Space porn: These images are (quite literally) out of this world
Jay Mathews, the Washington Post’s education columnist, writes a blog for the paper’s local section that is mostly about Washington, D.C.-area school news and politics, though he also writes thoughtfully on national education policy questions. Here is his challenge, though: A vital revenue source for the Washington Post Co. is Kaplan Inc., a test-prep company that branched out into owning and running for-profit online colleges. For-profit colleges, as Mathews knows, are a huge rip-off, targeting poor and minority students with deceptive and aggressive marketing, then burying them in loan debt and barely graduating anyone. The for-profit college sector has come under fire from the government for basically being an elaborate scheme to reap government-subsidized loan money, and the industry has responded with a massive, well-funded lobbying and public relations campaign. This post that Mathews published yesterday seems depressingly like a part of that campaign.
It is headlined “5 reasons for-profit colleges will survive,” and it seems like the author isn’t particularly thrilled to be writing it:
Enter Andrew S. Rosen, Kaplan’s chairman and chief executive officer, with a new book called “Change.edu: Rebooting for the new talent economy.” Who does Rosen think he is, extolling the virtues of for-profit schools while his company faces such threats?
I wasn’t sure I wanted to read the book or write about it. As a 40-year employee of The Post, anything bad I say might seem too little too late, and anything good would be taken as trying to protect the company. I was glad Rosen agreed his company had messed up. He did not shake my feeling that profits and teaching are a bad mix, but I did learn things I needed to know.
Despite the industry’s troubles, Rosen convinced me that for-profit educational ventures are here to stay. People who feel as I do will have to adjust to that.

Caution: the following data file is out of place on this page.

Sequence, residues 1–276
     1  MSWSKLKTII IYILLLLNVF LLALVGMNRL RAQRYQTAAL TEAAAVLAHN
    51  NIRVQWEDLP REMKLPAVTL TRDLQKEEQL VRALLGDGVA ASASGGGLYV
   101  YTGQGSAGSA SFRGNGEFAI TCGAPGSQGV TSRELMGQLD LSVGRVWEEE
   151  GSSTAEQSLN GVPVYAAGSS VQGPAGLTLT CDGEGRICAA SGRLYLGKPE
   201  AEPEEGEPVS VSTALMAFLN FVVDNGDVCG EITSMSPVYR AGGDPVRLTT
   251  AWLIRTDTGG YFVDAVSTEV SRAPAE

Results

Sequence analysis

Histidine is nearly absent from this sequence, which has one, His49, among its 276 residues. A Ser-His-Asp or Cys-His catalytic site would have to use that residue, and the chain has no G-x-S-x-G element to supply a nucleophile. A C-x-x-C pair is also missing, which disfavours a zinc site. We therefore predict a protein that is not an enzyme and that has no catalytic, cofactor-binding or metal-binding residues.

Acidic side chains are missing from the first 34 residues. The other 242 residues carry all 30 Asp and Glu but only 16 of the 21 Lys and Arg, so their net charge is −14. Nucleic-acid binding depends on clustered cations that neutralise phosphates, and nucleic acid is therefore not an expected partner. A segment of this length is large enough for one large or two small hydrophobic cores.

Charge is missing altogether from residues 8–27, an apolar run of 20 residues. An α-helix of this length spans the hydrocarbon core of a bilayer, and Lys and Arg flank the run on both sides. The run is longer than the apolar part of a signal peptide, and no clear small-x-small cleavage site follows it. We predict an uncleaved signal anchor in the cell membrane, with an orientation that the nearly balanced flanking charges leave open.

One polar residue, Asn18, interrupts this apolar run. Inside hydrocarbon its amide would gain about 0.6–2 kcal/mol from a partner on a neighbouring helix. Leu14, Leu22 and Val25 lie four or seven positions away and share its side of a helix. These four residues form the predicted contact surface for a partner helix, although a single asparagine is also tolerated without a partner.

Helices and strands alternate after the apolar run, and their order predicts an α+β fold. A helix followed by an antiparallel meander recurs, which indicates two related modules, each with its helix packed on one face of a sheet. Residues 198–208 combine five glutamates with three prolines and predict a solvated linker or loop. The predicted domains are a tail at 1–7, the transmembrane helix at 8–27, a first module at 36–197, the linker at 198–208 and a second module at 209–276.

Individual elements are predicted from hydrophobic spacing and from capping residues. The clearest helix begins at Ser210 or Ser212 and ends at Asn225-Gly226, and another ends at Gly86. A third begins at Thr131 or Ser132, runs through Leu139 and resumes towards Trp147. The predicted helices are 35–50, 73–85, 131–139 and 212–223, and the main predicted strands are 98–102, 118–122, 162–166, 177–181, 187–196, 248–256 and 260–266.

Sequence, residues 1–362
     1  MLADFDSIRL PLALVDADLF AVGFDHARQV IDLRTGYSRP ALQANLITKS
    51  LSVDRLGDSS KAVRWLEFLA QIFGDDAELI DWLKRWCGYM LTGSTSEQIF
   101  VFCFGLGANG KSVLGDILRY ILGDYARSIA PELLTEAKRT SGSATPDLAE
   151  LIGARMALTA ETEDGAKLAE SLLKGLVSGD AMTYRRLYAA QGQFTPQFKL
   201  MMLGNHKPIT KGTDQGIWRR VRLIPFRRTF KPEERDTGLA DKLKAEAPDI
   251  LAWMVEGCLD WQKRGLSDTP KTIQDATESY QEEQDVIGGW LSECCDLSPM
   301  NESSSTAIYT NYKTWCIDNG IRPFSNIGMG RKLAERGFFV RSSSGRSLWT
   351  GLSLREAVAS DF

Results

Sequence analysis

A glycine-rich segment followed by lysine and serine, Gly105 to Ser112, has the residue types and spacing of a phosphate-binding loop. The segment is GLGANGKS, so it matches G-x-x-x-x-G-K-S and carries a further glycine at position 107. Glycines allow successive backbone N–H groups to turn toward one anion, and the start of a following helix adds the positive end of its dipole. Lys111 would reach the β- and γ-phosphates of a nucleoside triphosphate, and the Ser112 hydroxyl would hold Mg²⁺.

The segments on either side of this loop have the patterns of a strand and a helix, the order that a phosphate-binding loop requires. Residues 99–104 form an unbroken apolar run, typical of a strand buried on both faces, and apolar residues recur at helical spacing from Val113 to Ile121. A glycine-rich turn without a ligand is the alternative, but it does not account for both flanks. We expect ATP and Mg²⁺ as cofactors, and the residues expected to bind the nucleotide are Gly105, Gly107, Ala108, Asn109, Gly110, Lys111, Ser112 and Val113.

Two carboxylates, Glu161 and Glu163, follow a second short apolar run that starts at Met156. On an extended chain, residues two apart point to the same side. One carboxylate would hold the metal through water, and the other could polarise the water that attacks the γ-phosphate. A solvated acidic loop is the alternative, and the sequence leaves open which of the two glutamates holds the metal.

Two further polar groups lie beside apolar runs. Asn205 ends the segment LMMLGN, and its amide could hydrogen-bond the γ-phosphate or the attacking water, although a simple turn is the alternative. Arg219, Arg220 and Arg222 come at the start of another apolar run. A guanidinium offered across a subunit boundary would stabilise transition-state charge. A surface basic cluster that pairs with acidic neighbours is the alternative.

Emphasis mine. Then there are the five reasons, which basically read like they came directly from a Kaplan press release. (“For-profit schools are less of a drain on tax dollars than non-profit or public schools.”) From this specific press release, perhaps.
It’s the tone of a sort of strongly encouraged attitude-adjustment that makes this whole thing even more depressing than the usual defensive for-profit college propaganda that the Post editorial board publishes in the Opinion section. “People like me may want for-profits to disappear,” Mathews writes, “but that is not going to happen.” Well, his bosses certainly hope so!
Bonus sadness: This comment, which comes after a small torrent of anti-Kaplan vitriol:
Alex Pareene writes about politics for Salon and is the author of "The Rude Guide to Mitt." Email him at email@example.com and follow him on Twitter @pareeneMore Alex Pareene.
NASA astronaut Mike Hopkins
On December 28, 2013, Expedition 38 crew member Mike Hopkins participating in the second of two space walks to replace a degraded pump module on the International Space Station. (NASA astronaut Rick Mastracchio is reflected in his helmet!)
The Soyuz TMA-10M
The Soyuz TMA-10M headed towards the International Space Station with crew members from Expedition 37 onboard.
40 years ago the Apollo 8 mission flew up to the moon, orbited it ten times and then returned to Earth. This picture was taken from that flight and shows the Earth as it seemingly rises in similar fashion to a sunrise.
Sunrise from Expedition 36
NASA Flight Engineer Karen L. Nyberg of Expedition 36 took this photo of the sun rising -- a sight they saw nearly 16 times per day due to the speed of the International Space Station's orbit around the earth.
A pair of NanoRacks CubeSats -- nanosattelite spacecrafts carrying experiments -- were launched by Expedition 38.